Last Sunday I got a call from my detecting buddy. He's a member of the same detecting club I'm in and known as the guy you call to find lost rings. He said he got a call from a lady who lost her wedding ring somewhere on her property between the house and her chicken coop and wanted to know if I wanted to help him search for it. I said sure!
I had only done that one time a few weeks before when we were detecting in a park and a parks supervisor came up to him. He thought we were in trouble and promptly started showing the supervisor how we take great care closing our holes, but the supervisor said he didn't care about that. He said he had gotten a call from a lady who had lost her wedding ring a week before at a playground and he wanted to know if we would look for it, which we promptly did. Unfortunately we didn't find that ring.
So we headed out to the mountain property and met the lady and she showed us where she thought she had lost her ring the day before. I thought it must be laying on the ground in plain sight somewhere and this should be easy. Then I saw the chicken coop. Oh boy. I hit inside and outside the coop while my buddy took the trail from the house to the coop. The chickens were pretty well behaved except the rooster who kept giving me the stink-eye. I had a feeling he was just waiting for me to turn my back on him.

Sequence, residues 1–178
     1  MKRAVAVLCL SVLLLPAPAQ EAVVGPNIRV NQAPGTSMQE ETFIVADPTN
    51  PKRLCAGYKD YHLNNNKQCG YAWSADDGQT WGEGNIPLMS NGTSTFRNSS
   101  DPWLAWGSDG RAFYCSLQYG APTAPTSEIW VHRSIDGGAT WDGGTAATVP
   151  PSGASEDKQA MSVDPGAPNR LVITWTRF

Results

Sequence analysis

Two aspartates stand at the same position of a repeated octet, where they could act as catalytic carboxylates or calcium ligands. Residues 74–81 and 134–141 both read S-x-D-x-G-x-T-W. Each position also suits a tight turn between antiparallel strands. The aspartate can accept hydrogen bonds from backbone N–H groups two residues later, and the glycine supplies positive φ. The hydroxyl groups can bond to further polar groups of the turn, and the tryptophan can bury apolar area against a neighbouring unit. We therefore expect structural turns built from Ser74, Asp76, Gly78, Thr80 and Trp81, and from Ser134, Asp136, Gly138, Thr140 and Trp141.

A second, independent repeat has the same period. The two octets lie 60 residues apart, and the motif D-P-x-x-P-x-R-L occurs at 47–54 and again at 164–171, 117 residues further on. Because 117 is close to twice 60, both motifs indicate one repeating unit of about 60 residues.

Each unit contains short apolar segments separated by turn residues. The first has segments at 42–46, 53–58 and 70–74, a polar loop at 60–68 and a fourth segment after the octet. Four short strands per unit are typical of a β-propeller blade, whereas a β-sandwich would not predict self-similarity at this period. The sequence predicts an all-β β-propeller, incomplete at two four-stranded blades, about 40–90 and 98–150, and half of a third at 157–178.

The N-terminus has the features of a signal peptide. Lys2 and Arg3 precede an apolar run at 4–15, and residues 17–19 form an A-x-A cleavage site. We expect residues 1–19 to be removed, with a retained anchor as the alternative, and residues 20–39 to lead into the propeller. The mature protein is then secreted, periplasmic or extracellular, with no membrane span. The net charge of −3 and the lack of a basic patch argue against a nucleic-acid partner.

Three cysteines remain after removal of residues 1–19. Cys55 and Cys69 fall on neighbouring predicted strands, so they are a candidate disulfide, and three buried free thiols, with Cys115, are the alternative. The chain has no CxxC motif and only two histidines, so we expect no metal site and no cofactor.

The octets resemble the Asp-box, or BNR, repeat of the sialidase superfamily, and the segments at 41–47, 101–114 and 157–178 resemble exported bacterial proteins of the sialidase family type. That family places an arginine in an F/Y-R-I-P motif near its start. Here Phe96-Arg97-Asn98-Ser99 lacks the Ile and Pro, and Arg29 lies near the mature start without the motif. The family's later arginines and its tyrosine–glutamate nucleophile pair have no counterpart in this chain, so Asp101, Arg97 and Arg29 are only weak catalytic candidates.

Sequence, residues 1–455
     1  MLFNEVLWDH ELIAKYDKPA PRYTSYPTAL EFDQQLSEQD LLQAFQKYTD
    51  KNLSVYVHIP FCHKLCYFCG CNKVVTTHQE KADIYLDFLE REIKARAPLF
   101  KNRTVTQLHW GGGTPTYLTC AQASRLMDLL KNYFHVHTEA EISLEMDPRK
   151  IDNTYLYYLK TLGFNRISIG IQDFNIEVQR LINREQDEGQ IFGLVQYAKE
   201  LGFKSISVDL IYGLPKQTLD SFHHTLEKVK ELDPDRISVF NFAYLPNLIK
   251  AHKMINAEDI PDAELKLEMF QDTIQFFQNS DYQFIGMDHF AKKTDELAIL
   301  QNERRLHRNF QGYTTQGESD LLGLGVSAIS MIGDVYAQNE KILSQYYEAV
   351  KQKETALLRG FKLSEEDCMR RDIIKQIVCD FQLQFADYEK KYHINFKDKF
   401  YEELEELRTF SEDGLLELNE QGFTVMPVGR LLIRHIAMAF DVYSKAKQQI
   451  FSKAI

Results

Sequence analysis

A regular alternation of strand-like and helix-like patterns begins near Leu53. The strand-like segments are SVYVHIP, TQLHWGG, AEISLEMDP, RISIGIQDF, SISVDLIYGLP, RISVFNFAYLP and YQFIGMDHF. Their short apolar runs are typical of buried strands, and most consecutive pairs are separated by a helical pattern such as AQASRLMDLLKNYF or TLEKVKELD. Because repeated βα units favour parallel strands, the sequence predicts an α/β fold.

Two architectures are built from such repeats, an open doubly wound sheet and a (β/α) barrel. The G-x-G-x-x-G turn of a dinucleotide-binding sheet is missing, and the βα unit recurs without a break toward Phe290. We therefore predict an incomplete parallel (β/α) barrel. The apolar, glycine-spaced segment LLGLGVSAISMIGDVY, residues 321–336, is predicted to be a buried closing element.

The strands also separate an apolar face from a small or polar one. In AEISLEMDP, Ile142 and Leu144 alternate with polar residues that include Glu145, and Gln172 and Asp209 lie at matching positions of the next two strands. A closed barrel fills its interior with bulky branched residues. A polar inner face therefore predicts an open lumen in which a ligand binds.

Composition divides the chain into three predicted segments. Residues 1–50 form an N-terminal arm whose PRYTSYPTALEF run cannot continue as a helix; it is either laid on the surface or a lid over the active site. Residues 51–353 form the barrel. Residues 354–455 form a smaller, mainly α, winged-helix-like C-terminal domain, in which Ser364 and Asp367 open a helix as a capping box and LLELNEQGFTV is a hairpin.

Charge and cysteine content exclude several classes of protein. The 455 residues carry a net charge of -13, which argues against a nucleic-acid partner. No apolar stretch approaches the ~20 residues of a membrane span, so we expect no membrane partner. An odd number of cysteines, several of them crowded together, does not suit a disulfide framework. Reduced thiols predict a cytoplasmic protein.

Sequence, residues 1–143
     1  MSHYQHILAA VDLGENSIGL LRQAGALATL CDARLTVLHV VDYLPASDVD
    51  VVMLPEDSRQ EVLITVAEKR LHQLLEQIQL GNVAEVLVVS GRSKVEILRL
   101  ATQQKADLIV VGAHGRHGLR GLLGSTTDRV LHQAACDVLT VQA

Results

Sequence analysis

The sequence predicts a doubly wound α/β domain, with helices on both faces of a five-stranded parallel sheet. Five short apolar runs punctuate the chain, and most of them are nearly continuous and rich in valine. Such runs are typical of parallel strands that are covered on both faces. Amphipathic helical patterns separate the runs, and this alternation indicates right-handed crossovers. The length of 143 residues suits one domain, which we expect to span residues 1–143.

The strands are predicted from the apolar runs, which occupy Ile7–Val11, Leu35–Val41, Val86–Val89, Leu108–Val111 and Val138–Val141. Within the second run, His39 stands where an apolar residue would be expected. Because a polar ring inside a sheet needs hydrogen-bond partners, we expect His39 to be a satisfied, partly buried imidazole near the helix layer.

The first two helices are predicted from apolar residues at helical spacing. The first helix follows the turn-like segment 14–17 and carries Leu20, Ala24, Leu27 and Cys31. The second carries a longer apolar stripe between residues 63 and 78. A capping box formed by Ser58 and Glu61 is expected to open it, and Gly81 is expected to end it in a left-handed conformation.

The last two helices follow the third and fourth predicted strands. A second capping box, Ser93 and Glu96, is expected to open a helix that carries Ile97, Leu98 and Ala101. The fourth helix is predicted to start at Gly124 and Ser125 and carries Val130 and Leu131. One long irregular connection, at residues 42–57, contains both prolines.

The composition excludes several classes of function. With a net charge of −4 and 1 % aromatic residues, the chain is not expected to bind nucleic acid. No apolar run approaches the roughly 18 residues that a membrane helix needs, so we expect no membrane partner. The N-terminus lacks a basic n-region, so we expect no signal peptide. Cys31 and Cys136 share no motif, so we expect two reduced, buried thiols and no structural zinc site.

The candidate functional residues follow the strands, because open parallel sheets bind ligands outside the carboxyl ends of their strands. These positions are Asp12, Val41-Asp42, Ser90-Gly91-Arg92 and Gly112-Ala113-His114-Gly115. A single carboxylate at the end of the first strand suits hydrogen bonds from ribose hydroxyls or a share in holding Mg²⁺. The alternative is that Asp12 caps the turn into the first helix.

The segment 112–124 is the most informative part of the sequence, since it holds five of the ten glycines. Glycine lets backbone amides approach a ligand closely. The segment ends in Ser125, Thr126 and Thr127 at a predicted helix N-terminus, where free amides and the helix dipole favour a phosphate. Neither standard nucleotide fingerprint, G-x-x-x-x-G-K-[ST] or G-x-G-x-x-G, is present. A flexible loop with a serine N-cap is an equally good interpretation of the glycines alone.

We covered the 200x30 foot area pretty well for several hours, double checking each others search areas. We were about ready to throw in the towl when my partner decided to check the wooden walkway between the house and the garage. There were openings between the slats that the ring could have dropped into so the home owners offered to pull a few slats up to allow the detector access underneath. While they were ripping up the floorboards, I decided to wander back down the path toward the chicken coop to check any areas I may have missed. As I neared the door to the coop a garden hose caught my eye about 25-30 feet down hill from the path. I was going to sweep that area earlier after finishing the coop area, but the owner said she hadn't been down there so not to bother with that area. For some reason the hose intrigued me so I started searching down the hill from the path. When I reached the hose I was picking up the brass fitting with loud and clear 25 on the Nox but also with a lower fainter tone mixed in. I pushed the hose fitting back a bit and got a solid 7 from multiple angles. I couldn't see anything on the ground, so I pulled my pinpointer thinking it was probably foil of some kind while gently scraping away the pine needles and a little dirt and there it was, the ring! A beautiful Platinum wedding set with a 1 ct. center stone surrounded with 2 baggettes and 6 smaller diamonds. I yelled out, "Bingo!" and the owner and her husband ran down the hill. They were overjoyed and so was I. My first ring recovery! They offered a reward but we politely refused so they insisted that we take a donation for the Metal Detecting Club, for which we were very appreciative. What a day that was!